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Facilitator or Consultant?


It can be hard enough to distinguish the difference between a consultant and a coach or even a mentor but what about adding in the role of Facilitator?

At Kinetic, because of the breadth of our clients industries and backgrounds and the tools we use to help, we tend to describe ourselves as facilitators working with you to problem solve- so what the difference?

A facilitator and a consultant are both roles that involve working with individuals or groups to provide guidance and support. While there may be some overlap in their functions, there are distinct differences between the two:

  1. Role and Scope:

    • Facilitator: A facilitator's primary role is to guide and manage group processes. They create a supportive environment, encourage participation, and help the group achieve its objectives. Facilitators focus on promoting effective communication, collaboration, and problem-solving within a group setting.

    • Consultant: A consultant, on the other hand, provides expert advice and recommendations to clients based on their specialized knowledge and skills. Consultants are typically hired to identify problems, develop strategies, and provide solutions to specific challenges. They may work with individuals, teams, or organizations to provide targeted expertise and often have a specific area of expertise.


2. Approach:

  • Facilitator: Facilitators adopt a neutral stance and do not provide direct solutions or advice. They focus on creating an inclusive and participatory environment where group members can contribute their ideas and perspectives. Facilitators use various techniques and tools to guide discussions, encourage collaboration, and help the group reach consensus or make decisions collectively.

  • Consultant: Consultants are hired for their expertise and experience in a particular domain. They analyse problems, gather information, and offer recommendations or solutions to address specific challenges. Consultants may conduct research, provide strategic insights, develop action plans, or offer training and implementation support. Their role is often more directive and solution-oriented compared to facilitators.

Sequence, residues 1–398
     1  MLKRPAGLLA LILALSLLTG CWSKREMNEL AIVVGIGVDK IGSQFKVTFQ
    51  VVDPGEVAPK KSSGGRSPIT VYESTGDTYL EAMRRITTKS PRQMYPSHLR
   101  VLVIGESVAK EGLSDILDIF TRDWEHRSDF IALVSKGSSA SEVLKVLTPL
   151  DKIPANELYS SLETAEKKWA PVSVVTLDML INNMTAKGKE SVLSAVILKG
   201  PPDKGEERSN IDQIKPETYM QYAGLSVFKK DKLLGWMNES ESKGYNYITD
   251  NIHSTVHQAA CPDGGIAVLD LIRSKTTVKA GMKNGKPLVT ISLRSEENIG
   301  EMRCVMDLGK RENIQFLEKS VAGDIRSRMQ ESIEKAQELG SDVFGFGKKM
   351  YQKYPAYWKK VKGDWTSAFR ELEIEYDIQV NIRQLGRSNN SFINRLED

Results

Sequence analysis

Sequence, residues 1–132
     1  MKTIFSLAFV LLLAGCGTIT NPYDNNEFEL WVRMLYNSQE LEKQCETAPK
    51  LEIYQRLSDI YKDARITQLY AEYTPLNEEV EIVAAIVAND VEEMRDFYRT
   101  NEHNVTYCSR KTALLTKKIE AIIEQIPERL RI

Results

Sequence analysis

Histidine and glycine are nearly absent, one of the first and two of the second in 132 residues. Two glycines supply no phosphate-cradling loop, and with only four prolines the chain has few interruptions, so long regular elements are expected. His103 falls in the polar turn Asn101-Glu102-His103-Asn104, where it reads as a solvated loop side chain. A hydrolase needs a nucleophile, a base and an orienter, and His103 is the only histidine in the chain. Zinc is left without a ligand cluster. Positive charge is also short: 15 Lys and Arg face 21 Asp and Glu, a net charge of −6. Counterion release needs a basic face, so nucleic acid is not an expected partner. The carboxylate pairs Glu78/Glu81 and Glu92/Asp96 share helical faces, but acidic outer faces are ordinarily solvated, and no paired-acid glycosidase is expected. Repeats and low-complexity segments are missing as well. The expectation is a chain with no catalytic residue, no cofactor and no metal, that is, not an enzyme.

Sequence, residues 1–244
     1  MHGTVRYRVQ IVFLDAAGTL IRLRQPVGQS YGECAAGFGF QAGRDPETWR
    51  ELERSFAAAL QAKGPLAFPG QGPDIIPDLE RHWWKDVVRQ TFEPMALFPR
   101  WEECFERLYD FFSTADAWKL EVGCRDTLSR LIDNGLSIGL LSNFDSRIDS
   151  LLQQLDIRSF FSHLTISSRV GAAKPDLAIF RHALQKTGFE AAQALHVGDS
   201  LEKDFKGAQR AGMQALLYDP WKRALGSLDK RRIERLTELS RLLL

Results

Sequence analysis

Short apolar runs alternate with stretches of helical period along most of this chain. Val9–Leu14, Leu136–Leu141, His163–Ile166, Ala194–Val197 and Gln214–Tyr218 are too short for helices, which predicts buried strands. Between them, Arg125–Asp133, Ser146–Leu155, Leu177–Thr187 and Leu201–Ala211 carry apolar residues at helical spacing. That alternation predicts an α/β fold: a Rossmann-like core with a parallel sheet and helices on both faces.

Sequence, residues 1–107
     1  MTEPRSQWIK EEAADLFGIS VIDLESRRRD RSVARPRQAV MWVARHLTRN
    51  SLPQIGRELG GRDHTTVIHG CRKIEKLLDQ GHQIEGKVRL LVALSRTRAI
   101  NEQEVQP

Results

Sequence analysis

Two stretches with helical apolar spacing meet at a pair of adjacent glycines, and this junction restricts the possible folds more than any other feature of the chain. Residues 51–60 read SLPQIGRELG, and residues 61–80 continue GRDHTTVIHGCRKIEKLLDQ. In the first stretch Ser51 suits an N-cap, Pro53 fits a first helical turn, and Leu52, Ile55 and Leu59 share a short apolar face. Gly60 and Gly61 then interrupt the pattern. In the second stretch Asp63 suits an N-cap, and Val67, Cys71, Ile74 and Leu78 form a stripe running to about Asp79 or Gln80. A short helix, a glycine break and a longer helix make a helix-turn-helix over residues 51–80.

3. Relationship with Clients:

  • Facilitator: Facilitators work closely with groups or teams to support their collective efforts. They establish a collaborative relationship with the participants and act as a process guide rather than an authority figure. Facilitators aim to empower participants and foster ownership of the outcomes within the group.

  • Consultant: Consultants typically engage with clients on a contractual basis. They are brought in as external experts to provide objective analysis, advice, and solutions. The relationship between consultants and clients is often more formal, with clearly defined deliverables and expectations. Consultants may have limited involvement with the client beyond the agreed-upon scope of work.


It's worth noting that there can be overlap between the roles of facilitator and consultant in certain situations. For example, a consultant may also facilitate group discussions as part of their consulting process. Likewise, a facilitator may provide insights or recommendations based on their facilitation experience. The specific context and requirements of a given project or engagement will determine the emphasis and responsibilities of the facilitator or consultant.

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